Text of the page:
I don't think of myself as Trouble, but the office staff seems to have a different opinion. They let that slip today, when secretary Barbie slid open the window and said, "I'll sign in Dad for you, Trouble!" aaah, thanks.

29 comments:

  1. Maybe just tell them that you're a berserker... They'll get it.

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    1. LOL, they have no idea what a berserker is, and it might be better to keep it that way...

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  2. Trouble is good. Keep it up, Brighid.

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    1. There are those who would contest that Trouble thing, but don't fret I plan to anyway...

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  3. Christmas Crackers are always Trouble with a capital T. Keep up the good work!

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    1. We have so much fun with those simple things! I aim to keep on...

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  4. You have a new family, it seems. Yes, I can imagine you were a trouble maker even more so in your youth, but I will bet that every single person looks forward to the days that you and your dad show up, because they never know what can happen. And music, sweet music, does heal the soul. You have made me realize, that although I helped my mother during her last months, I was not there for her during the she year and dad made these same visits.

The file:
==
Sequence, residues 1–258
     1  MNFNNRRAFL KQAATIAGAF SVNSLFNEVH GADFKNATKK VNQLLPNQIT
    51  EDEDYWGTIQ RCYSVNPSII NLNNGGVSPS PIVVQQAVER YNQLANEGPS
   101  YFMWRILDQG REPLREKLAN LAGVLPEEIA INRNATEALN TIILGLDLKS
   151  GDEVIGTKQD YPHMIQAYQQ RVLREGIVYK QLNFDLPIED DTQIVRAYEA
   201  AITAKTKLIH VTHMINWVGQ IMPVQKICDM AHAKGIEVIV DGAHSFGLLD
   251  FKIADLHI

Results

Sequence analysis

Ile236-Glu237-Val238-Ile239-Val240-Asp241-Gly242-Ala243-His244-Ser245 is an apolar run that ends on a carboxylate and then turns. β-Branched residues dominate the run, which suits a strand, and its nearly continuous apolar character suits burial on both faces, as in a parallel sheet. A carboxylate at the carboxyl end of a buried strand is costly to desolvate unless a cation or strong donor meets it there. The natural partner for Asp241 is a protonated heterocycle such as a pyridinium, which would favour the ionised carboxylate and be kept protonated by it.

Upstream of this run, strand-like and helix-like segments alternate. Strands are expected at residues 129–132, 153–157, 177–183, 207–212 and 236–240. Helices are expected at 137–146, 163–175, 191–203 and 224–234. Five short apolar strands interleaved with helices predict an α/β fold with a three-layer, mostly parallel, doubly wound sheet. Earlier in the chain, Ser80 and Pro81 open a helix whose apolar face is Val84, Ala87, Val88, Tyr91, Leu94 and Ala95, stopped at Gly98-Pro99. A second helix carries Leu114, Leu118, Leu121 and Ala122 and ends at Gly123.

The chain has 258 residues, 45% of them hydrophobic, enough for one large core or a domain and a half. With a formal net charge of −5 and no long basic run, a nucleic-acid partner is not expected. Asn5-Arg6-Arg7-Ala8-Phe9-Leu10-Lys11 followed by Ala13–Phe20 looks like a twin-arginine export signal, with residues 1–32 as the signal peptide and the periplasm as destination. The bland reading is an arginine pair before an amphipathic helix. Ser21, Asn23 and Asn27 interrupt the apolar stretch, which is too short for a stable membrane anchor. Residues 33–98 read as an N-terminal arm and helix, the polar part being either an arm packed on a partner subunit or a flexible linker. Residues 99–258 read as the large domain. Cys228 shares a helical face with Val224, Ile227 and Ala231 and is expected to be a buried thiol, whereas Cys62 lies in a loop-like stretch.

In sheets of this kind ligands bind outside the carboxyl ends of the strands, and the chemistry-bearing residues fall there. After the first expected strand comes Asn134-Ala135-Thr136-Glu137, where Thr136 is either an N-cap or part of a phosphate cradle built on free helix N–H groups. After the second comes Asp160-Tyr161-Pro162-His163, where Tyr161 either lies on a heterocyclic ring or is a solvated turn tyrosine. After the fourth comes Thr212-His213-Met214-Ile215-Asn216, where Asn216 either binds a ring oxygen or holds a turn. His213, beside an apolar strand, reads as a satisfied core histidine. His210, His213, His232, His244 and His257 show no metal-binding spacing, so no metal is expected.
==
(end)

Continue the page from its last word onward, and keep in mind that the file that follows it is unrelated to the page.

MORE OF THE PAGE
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    1. Me a trouble maker... never! just ask me, no need to bother any family or friends.
      I'm quite sure you were there for your mom when it counted, when she really needed you.

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  5. Trouble is good, wouldn't it be worse if you grouched all the time, or sat in a corner and said nothing! Trouble is very good! Happy new year to you and your dad, may it be an easy one for both of you. Hugs from across the pond.

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    1. Haha, You say that cause you think your out of it being across the pond! Happy New Year to you, may you have sunshine and laughter aplenty.

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  6. Well, look on the bright side, you're NOT a wallflower... :-) Glad you've pulled the group together! Laughter IS great medicine!

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    1. Nope, I'm not a wallflower, but actually pretty quiet most of the time. Shared laughter bridges many gaps.

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  7. Christmas crackers! One of the few times 'grownups' can become a child again - and no one cares! A happy and Blessed New Year to you and yours, Brighid!

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  8. My Dear, I look at you as the head of the cheer leading squad. I don't say this often, but God bless you for you're doing his work.